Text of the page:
The U.S. Federal Reserve may wait until after September to lift interest rates after the latest minutes from the central bank’s July meeting indicated conditions for the first rates increase in about a decade had not been met, due primarily to muted inflation that has not yet moved toward the Fed’s target.

The Fed minutes were released on Bloomberg terminals about a half-hour early, after a news organization broke the embargo, set for 2 p.m. EDT. The central bank then released the minutes on its website around 1:45 pm EDT. 

The latest minutes show policymakers discussing whether tightening monetary policy too soon could damage the U.S. economy and dampen the prospects for maximum employment and the targeted 2 percent inflation. "Most judged that the conditions for policy firming had not yet been achieved, but they noted that conditions were approaching that point. Participants observed that the labor market had improved notably since early this year, but many saw scope for some further improvement," the Federal Reserve’s July 28 and July 29 minutes said.

Consumer price inflation continued to run below the Fed’s 2 percent target, restrained by declines in energy prices and further decreases in nonenergy import prices, the Fed said. 

“There’s very little nuance changed from the statement,” said Doug Cote, chief market strategist at Voya Investment Management, adding that the Fed is waiting on more economic data to make a decision. “But with today’s consumer price index lower than expectations, they certainly can’t be pleased.”

The minutes are from a meeting that took place before Wednesday's most recent data on consumer price inflation. The Consumer Price Index edged up 0.1 percent in July after advancing 0.3 percent in June, marking the sixth straight month of increases, the Labor Department said Wednesday, marking the sixth straight month of gains. However, the CPI has climbed just 0.2 percent in the last 12 months.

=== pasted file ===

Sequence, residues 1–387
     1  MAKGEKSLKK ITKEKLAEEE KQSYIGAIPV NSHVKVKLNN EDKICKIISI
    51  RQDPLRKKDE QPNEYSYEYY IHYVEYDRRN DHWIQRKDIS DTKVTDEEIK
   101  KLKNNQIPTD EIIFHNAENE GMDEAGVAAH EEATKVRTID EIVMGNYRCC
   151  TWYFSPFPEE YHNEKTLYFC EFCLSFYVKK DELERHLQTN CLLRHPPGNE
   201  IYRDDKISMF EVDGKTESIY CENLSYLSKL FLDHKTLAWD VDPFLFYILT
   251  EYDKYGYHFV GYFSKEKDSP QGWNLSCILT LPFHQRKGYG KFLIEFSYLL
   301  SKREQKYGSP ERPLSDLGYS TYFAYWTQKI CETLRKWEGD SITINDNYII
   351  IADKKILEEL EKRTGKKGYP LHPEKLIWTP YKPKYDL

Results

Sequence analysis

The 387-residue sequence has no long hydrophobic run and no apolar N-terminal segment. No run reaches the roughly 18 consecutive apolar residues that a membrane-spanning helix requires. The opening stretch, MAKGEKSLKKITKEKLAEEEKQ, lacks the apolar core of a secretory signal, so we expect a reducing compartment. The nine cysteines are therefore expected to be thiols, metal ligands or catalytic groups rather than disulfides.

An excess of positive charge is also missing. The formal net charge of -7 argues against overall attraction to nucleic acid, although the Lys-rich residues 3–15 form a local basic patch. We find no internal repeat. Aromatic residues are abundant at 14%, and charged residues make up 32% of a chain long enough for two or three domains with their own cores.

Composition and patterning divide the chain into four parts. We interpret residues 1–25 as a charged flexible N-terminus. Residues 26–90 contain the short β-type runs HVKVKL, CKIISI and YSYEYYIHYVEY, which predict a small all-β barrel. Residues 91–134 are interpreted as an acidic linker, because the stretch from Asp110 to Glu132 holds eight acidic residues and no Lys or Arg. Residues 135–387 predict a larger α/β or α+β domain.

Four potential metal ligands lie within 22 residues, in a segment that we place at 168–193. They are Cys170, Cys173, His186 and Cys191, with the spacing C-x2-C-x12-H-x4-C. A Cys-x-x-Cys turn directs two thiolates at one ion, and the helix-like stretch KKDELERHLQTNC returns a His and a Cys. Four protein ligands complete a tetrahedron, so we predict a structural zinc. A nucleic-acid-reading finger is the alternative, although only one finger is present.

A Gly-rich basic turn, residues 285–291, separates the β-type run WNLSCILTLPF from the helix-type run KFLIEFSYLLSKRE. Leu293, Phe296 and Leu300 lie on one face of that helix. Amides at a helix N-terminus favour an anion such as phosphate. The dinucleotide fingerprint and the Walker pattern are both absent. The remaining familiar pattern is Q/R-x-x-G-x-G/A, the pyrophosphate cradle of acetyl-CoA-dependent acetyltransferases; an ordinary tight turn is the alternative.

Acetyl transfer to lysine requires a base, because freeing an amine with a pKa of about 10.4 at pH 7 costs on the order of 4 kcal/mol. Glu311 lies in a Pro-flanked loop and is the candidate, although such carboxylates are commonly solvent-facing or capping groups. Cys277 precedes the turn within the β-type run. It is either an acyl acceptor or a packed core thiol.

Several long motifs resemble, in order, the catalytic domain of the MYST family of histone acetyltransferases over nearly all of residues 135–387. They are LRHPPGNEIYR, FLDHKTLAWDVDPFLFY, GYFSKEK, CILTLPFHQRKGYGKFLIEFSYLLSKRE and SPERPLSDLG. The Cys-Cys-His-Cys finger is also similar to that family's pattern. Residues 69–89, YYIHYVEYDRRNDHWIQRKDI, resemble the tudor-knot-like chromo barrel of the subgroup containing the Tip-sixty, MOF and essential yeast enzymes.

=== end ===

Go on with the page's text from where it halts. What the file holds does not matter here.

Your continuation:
U.S. inflation has run below the Federal Reserve’s 2 percent objective for 38 straight months.

The U.S. personal consumption expenditures (PCE) price index, excluding the volatile food and energy sectors, which is a measure of “core” inflation the Fed uses to track underlying consumer price trends, ran at 1.3 percent in the first half of the year from a year earlier, the Commerce Department said on Aug. 4. 

There is now a 50 percent chance the Fed will announce lifting rates at its meeting on Sept. 16 and Sept. 17, with a 60 percent chance of a liftoff at the central bank’s December meeting, Cote said.

Even before Greeks voted to reject bailout proposals from the country’s international creditors and China’s stock market began to tumble last month, the U.S. Federal Reserve was questioning its stance on an interest rate increase planned for sometime later in 2015. At the Federal Open Market Committee's meeting on June 16 and June 17, officials wondered whether a hike would be “premature” in the face of uncertainty in Greece and China, according to minutes from the meeting released in July.

However, in the Fed’s most recent July meeting minutes, the central bank said the reaction in financial markets outside Greece and China was limited.

“The effect of financial stresses related to Greece and China on the largest U.S. financial firms was limited to date, perhaps reflecting the relatively strong financial positions and low direct exposures among such firms and a view among market participants that foreign authorities would take actions to stem spillovers,” the minutes said.